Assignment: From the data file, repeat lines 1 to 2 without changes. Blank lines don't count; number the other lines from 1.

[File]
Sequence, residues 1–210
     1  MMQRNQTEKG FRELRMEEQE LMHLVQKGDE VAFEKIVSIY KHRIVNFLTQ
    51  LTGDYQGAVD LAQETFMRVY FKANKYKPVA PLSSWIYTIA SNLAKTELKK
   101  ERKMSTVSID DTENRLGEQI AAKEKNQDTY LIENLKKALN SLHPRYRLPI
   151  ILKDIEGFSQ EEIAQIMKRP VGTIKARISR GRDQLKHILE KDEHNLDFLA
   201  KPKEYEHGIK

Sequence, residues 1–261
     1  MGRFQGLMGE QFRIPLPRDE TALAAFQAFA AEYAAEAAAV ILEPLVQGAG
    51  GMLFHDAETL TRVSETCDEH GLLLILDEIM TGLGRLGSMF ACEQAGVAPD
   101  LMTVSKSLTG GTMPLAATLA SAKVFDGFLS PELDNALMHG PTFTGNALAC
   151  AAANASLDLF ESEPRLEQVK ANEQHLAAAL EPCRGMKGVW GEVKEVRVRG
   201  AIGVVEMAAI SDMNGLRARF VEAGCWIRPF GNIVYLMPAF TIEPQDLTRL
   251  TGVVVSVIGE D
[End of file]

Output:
Sequence, residues 1–210
     1  MMQRNQTEKG FRELRMEEQE LMHLVQKGDE VAFEKIVSIY KHRIVNFLTQ